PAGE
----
Altair is comfortably decorated with earth tones and timbers. Photo: Eddie Jim
Lesson for the week: it does not pay to underestimate the outer suburbs. Jeff Kennett discovered something similar when he lost the 1999 election, although his mistake related to ignoring rural Victoria. Restaurant reviewers, conversely, are rather enamoured of the regional hero but struggle with those pesky bits of metropolitan Melbourne beyond the tramlines.
Once upon a time there were solid reasons for the prejudice. I think I can get away with saying that without attracting any more Twitter haters. But we've reached a point where it's no longer necessary to give special consideration or a scoring fillip simply for the bravery of opening outside of Zone 1.
Our case study for the affirmative is known as Altair, a restaurant opened six months ago by a hospitality couple stepping up to have a go for themselves. For all the celebrity chefs hogging the limelight, these people are the industry's lifeblood.
Tortellini with celeriac, basil and confit tomatoes. Photo: Eddie Jim
You won't have heard of Kelvin and Michelle Shaw, not unless you're a diehard follower of Elwood's Sails on the Bay, where he headed the kitchen and she waited on the tables. But that's beside the point. They've taken their not inconsiderable experience and gone inland to a spot with views of gum trees and parrots, the bright blur of Lycra-clad cyclists and the slightly unsettling need for a fire plan.
It's a smart move - a little short of the Yarra Valley's winery restaurants yet still far enough for day-trippers. Their roomy eyrie, perched above Warrandyte's main road on a lazy curve of the Yarra, is comfortably decorated with the earth tones and timbers that bring the outside in, enlivened with splashes of citrus-green on the cushions and water glasses. There's linen covering the tables at night that comes off for lunch service. And weekend breakfast. These guys work hard.
It's the little things that reveal the hands-on nature of the operation. The kind of service that shows ownership pride; being asked if you want butter or organic olive oil with the bread; the bowl of spicy roasted almonds and pepitas that arrive unbidden.
The menu is broadly contemporary, thoughtfully composed, and reveals the chef has a handle on indigenous ingredients. There's lemon myrtle and wild pepperberry in the dry spices crusting the sashimi tuna, for instance, which help beef it up to match the chewy strips of veal jerky - think of a really aged bresaola (air-dried beef), then add more chew - with a citrusy squid ink emulsion, braised mustard seeds and little pops of finger lime doing their bit to bridge the gap. The venison terrine is less inventive but sustains the hum of satisfaction. There's a nice offaly whack to the farmhouse-style slab of lunchtime goodness, with slices of blood plum, tiny dark grapes and a smear of rum-and-raisin paste. A classic, done well.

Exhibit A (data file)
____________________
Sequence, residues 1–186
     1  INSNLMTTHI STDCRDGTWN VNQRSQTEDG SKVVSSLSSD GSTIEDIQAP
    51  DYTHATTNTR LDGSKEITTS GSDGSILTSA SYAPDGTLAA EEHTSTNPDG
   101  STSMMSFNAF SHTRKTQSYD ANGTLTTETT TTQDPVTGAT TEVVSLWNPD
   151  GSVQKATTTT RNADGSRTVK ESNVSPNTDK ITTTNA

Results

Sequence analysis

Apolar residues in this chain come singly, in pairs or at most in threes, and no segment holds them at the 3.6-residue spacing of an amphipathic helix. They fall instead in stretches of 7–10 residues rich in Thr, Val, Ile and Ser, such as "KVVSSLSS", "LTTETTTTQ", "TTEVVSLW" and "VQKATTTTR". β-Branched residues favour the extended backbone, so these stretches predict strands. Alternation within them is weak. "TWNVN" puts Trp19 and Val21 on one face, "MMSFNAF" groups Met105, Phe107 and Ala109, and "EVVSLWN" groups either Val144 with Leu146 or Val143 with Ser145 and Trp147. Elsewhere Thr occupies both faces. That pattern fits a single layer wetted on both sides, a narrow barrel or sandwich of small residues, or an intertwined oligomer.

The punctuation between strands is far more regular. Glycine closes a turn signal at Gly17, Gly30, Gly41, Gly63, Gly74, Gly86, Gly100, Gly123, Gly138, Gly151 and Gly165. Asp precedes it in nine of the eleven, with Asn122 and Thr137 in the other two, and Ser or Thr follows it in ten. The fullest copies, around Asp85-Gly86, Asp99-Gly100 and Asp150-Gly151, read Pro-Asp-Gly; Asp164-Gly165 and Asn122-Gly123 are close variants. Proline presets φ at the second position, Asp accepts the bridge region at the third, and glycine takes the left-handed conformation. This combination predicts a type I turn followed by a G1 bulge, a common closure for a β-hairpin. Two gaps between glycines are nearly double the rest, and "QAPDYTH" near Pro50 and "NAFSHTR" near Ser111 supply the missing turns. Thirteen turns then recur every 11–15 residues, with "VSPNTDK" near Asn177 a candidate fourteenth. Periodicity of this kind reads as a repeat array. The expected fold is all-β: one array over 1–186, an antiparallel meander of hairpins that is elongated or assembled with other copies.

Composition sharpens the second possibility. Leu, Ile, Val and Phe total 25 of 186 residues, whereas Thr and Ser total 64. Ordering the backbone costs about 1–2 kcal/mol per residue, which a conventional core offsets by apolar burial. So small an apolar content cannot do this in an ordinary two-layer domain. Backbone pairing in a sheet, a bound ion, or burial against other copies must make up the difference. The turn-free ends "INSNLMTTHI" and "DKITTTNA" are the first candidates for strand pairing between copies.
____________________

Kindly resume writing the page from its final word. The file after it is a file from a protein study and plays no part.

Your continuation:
The pick of the mains is a pasta dish that shucks off any rustic connotations and shoots for elegance. Fat tortellini pouches stuffed with a smooth celeriac and basil filling; a technicolour splash of confit heirloom tomatoes that taste how tomatoes used to taste; a perfect basil-sweet consomme with the heady nose of parmesan, and little value-adding extras including fried sage leaves.
The pork loin, on the other hand, is simply pork loin roasted nicely, subordinate to a support cast that includes sticky little bitter-sour bush apples with braised lentils, and a convincing bit of house-made blood pudding.
The only thing that didn't really grab me was the dessert, one of those gussied-up granolas that despite some nice touches (poached peach, Earl Grey sorbet, soft meringue) is still too much like - yes, granola - to really sink into. Silly me for ordering it. But you can trust me on the wine list, which is a smart mix of ''names'' and boutiques with a generous selection by the glass. They let you BYO wine, too.
By way of postscript, lunch at Altair was followed by excitement at spying an early David Bromley painting in the nearby bric-a-brac shop. Bargain? Erm, no. Like I said, it doesn't pay to underestimate the outer 'burbs. People there know when they have a little gem on their hands.
The best bit An accomplished all-rounder
The worst bit Pre-cracked pepper
Go-to dish Celeriac and herb tortellini, $32
- 03 9844 5548
- Cuisine - Contemporary
- Prices - Typical entree $18; main $36; dessert $13
- Features - Licensed, BYO, Vegetarian friendly, Gluten-free options, Accepts bookings, Wheelchair access
- Chef(s) - Kelvin Shaw
- Owners - Kelvin and Michelle Shaw
- Cards accepted - AMEX, Mastercard, Visa, EFTPOS
- Opening Hours - Wed-Fri, 11.30am-10pm; Sat-Sun, 8.30am-10pm
- Author - Larissa Dubecki